why do the planets stay in orbit around the sun

The Solar System was formed from a rotating cloud of gas and dust which spun around a newly forming star, our Sun, at its center. The planets all formed from this spinning disk-shaped cloud, and continued this rotating course around the Sun after they were formed. The gravity of the Sun keeps the planets in their orbits. They stay in their orbits because there is no other force in the Solar System which can stop them.
Depends on what you mean by need.

For any situation which we can expect to produce in a laboratory, or which we expect we might actually find naturally occurring in the Universe, at least one of general relativity or quantum mechanics is adequate for describing it, since at most one of those two theories is relevant. But neither of those theories prohibits the existence of situations where they're both relevant.

For instance, suppose you have a black hole. The theories we have now are sufficient to predict that they'll produce Hawking radiation and evaporate (this does actually involve some mixing of GR and QM, but in a way that's innocuous: You basically assume that the particles are quantum, but living in a non-quantum spacetime). Just wait, and the mass of the black hole will decrease as a result of this radiation.

It'll take an extremely long time for the sort of black holes we expect exist, so we don't expect to ever actually observe it, but it'll happen. Under the current theories, the smaller a black hole gets the faster it'll evaporate, and it'll produce more energetic and more massive particles in the process. Except the current theories don't actually put any limit on this: Extrapolate them out, and you would eventually get a black hole that's so small that it's emitting particles more massive than itself.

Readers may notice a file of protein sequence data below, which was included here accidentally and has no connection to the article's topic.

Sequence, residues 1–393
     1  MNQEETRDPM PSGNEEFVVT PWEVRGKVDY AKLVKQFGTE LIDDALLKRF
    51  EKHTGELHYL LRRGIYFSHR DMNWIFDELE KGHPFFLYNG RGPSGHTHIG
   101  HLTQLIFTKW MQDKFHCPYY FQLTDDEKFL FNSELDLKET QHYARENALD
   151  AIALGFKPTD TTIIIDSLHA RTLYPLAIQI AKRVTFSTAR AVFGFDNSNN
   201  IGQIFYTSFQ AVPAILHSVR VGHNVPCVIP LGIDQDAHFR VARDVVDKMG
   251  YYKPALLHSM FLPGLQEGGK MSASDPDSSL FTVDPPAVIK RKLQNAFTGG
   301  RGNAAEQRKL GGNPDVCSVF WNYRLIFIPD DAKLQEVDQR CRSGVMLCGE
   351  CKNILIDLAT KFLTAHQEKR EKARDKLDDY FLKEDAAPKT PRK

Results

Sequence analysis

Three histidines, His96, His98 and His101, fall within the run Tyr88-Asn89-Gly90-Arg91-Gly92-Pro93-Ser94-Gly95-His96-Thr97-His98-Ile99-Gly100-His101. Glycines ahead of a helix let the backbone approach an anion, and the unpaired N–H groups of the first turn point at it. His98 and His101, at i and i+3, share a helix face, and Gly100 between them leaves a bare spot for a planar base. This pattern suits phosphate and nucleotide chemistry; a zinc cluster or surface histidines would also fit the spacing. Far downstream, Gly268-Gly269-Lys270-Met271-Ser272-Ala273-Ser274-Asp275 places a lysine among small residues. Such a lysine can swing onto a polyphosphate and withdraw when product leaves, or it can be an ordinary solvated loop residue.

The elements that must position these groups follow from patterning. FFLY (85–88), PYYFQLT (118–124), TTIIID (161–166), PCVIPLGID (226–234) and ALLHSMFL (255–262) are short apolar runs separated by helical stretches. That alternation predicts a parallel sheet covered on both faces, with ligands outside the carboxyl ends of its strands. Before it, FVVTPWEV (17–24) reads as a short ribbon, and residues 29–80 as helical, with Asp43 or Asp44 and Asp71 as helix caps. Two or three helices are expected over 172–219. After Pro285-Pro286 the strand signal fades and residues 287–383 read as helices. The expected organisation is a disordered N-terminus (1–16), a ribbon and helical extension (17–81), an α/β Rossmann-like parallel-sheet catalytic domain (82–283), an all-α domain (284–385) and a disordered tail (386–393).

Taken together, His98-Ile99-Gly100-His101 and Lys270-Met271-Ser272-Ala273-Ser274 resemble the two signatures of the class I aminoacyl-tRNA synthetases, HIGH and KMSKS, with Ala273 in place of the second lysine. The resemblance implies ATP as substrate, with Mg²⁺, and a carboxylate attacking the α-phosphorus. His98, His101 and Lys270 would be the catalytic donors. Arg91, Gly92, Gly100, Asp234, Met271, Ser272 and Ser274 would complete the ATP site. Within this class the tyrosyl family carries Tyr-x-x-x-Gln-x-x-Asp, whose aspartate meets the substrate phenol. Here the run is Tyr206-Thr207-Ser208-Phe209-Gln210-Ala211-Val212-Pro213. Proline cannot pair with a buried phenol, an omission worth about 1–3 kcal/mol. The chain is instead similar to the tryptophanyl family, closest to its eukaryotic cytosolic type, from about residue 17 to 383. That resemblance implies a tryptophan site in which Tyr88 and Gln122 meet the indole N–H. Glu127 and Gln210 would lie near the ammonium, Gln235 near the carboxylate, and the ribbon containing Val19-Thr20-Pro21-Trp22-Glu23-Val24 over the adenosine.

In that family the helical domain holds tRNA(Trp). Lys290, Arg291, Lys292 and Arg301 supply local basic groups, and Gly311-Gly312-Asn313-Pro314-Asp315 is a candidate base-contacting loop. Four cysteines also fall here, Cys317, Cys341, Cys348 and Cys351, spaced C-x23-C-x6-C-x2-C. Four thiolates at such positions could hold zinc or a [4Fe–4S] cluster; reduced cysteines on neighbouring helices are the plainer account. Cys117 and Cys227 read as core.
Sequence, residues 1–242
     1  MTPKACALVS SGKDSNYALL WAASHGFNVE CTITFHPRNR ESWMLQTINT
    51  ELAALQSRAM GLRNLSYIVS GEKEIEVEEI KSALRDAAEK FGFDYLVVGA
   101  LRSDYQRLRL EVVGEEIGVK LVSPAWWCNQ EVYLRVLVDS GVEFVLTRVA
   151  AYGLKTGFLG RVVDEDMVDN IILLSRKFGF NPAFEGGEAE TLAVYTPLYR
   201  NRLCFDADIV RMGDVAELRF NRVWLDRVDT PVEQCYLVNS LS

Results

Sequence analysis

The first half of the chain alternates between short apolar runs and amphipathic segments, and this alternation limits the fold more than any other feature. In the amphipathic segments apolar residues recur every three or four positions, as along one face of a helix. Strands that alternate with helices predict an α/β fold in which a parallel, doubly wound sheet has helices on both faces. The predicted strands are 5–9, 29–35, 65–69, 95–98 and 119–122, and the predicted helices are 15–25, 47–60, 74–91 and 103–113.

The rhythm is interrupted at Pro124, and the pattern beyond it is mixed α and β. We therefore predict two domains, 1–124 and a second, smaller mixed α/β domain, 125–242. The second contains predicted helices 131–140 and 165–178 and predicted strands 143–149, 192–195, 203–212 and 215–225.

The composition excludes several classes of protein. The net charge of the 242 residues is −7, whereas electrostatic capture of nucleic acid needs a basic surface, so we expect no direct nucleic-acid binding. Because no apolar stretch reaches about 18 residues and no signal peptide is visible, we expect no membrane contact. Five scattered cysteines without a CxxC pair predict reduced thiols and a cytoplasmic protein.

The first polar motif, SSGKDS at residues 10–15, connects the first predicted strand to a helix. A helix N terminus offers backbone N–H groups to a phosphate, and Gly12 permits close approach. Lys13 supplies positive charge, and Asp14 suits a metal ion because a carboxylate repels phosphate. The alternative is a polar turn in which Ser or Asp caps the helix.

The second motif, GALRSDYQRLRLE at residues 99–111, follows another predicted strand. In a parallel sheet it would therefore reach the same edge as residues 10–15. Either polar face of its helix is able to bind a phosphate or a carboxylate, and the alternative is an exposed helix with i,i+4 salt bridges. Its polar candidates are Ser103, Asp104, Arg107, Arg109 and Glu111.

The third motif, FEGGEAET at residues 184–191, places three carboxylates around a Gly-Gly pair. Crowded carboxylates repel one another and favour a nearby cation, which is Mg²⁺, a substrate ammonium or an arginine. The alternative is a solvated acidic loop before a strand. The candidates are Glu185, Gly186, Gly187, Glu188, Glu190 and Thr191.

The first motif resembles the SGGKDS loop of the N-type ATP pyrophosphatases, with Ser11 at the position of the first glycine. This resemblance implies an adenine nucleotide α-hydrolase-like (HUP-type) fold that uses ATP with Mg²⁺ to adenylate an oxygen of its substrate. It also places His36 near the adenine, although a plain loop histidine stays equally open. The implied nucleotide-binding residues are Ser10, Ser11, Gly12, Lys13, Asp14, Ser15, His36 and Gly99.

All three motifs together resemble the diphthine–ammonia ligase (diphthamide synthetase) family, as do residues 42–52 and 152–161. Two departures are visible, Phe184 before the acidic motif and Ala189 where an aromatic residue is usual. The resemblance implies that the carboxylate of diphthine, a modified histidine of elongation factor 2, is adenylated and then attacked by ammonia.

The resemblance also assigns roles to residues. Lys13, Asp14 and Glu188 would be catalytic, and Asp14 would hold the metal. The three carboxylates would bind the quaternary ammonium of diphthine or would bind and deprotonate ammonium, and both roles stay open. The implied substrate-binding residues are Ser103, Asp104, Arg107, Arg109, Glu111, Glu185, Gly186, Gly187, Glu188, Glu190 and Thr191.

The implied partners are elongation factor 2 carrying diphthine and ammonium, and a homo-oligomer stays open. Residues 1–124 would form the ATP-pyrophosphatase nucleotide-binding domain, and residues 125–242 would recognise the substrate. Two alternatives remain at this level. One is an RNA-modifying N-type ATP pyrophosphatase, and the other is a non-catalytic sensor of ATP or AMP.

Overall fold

This is crazy, so clearly our current theories are incomplete: The proper description must include some way of making emission of such particles non-crazy, or of modifying the behavior of a hole that small so that it doesn't emit particles larger than itself, or of somehow preventing a black hole from ever reaching a size where it would do that.

But any of these expansions to the theory would require a fundamental mixing of GR and QM: You have to have some sort of quantum behavior of spacetime itself in order to achieve any of these effects. Now, just exactly what form that quantum behavior of spacetime would take, well, we're pretty close to clueless on that. But it's got to be something.